A field can be any of the variables from VCL, for instance req.url, req.http.host or obj.http.set-cookie.
Operators are "==" for direct comparision, "~" for a regular expression match, and ">" or "<" for size comparisons. Prepending an operator with "!" negates the expression.
If you are going to write a script that talks CLI to varnishd, the include/cli.h contains the relevant magic numbers.
One particular magic number to know, is that the line with the status code and length field always is exactly 13 characters long, including the NL character.
How -S/PSK Authentication Works
If the -S secret-file is given as argument to varnishd, all network CLI connections must authenticate, by proving they know the contents of that file.
The file is read at the time the auth command is issued and the contents is not cached in varnishd, so it is possible to update the file on the fly.
Use the unix file permissions to control access to the file.
An authenticated session looks like this:
critter phk> telnet localhost 1234 Trying ::1... Trying 127.0.0.1... Connected to localhost. Escape character is '^]'. 107 59 ixslvvxrgkjptxmcgnnsdxsvdmvfympg Authentication required. auth 455ce847f0073c7ab3b1465f74507b75d3dc064c1e7de3b71e00de9092fdc89a 200 193 ----------------------------- Varnish HTTP accelerator CLI. ----------------------------- Type 'help' for command list. Type 'quit' to close CLI session. Type 'start' to launch worker process.
The CLI status of 107 indicates that authentication is necessary. The first 32 characters of the reponse text is the challenge "ixsl...mpg". The challenge is randomly generated for each CLI connection, and changes each time a 107 is emitted.
The most recently emitted challenge must be used for calculating the authenticator "455c...c89a".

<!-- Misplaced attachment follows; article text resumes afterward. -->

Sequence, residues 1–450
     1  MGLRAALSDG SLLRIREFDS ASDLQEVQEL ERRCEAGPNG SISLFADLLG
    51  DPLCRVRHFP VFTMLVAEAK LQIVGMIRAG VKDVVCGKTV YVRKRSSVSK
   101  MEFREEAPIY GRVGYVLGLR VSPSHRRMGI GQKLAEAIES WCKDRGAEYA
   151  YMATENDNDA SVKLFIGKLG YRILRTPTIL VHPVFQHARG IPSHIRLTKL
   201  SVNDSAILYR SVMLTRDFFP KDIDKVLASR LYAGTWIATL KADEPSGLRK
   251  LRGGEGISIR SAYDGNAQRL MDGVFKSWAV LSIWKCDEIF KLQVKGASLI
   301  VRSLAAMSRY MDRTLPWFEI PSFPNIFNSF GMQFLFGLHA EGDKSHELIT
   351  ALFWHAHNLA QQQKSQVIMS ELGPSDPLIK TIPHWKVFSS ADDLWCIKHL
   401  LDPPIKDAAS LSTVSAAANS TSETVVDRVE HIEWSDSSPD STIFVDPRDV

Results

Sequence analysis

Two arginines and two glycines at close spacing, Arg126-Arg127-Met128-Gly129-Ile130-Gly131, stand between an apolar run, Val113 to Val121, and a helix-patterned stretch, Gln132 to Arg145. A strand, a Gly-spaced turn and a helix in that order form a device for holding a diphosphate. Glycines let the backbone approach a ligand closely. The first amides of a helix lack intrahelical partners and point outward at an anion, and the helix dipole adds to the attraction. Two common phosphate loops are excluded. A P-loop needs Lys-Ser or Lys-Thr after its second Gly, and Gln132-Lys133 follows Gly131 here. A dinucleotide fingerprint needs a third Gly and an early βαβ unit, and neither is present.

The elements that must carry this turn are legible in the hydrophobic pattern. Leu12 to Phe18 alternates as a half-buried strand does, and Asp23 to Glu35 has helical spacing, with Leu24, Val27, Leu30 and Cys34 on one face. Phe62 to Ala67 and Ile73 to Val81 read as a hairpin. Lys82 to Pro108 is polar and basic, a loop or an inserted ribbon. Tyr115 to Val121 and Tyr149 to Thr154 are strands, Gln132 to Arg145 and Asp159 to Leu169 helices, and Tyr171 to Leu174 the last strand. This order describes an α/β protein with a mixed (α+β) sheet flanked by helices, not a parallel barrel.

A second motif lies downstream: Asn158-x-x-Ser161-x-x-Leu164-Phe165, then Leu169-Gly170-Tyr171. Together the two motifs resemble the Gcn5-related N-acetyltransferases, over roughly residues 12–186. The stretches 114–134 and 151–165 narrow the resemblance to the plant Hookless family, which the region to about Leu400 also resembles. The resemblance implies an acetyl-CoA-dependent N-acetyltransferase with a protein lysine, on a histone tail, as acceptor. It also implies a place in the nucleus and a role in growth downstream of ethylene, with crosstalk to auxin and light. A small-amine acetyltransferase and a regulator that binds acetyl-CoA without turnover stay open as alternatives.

The authenticator is calculated by applying the SHA256 function to the following byte sequence:
- Challenge string
- Newline (0x0a) character.
- Contents of the secret file
- Challenge string
Newline (0x0a) character.
and dumping the resulting digest in lower-case hex.
In the above example, the secret file contained foon and thus:
critter phk> cat > _ ixslvvxrgkjptxmcgnnsdxsvdmvfympg foo ixslvvxrgkjptxmcgnnsdxsvdmvfympg ^D critter phk> hexdump -C _ 00000000 69 78 73 6c 76 76 78 72 67 6b 6a 70 74 78 6d 63 |ixslvvxrgkjptxmc| 00000010 67 6e 6e 73 64 78 73 76 64 6d 76 66 79 6d 70 67 |gnnsdxsvdmvfympg| 00000020 0a 66 6f 6f 0a 69 78 73 6c 76 76 78 72 67 6b 6a |.foo.ixslvvxrgkj| 00000030 70 74 78 6d 63 67 6e 6e 73 64 78 73 76 64 6d 76 |ptxmcgnnsdxsvdmv| 00000040 66 79 6d 70 67 0a |fympg.| 00000046 critter phk> sha256 _ SHA256 (_) = 455ce847f0073c7ab3b1465f74507b75d3dc064c1e7de3b71e00de9092fdc89a critter phk> openssl dgst -sha256 < _ 455ce847f0073c7ab3b1465f74507b75d3dc064c1e7de3b71e00de9092fdc89a
The sourcefile lib/libvarnish/cli_auth.c contains a useful function which calculates the response, given an open filedescriptor to the secret file, and the challenge string.
Simple example: All requests where req.url exactly matches the string /news are banned from the cache:
req.url == "/news"
Example: Ban all documents where the serving host is "example.com" or "www.example.com", and where the Set-Cookie header received from the backend contains "USERID=1663":
req.http.host ~ "^(?i)(www\.)example.com$" && obj.http.set-cookie ~ "USERID=1663"
The Varnish manual page was written by Per Buer in 2011. Some of the text was taken from the Varnish Cache wiki, the varnishd(7) man page or the Varnish source code.
This document is licensed under the same licence as Varnish itself. See LICENCE for details.
Copyright (c) 2011-2014 Varnish Software AS